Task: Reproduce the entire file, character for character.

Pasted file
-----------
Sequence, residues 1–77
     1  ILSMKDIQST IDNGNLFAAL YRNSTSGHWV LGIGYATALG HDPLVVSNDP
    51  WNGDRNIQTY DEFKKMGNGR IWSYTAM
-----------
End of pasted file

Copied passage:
Sequence, residues 1–77
     1  ILSMKDIQST IDNGNLFAAL YRNSTSGHWV LGIGYATALG HDPLVVSNDP
    51  WNGDRNIQTY DEFKKMGNGR IWSYTAM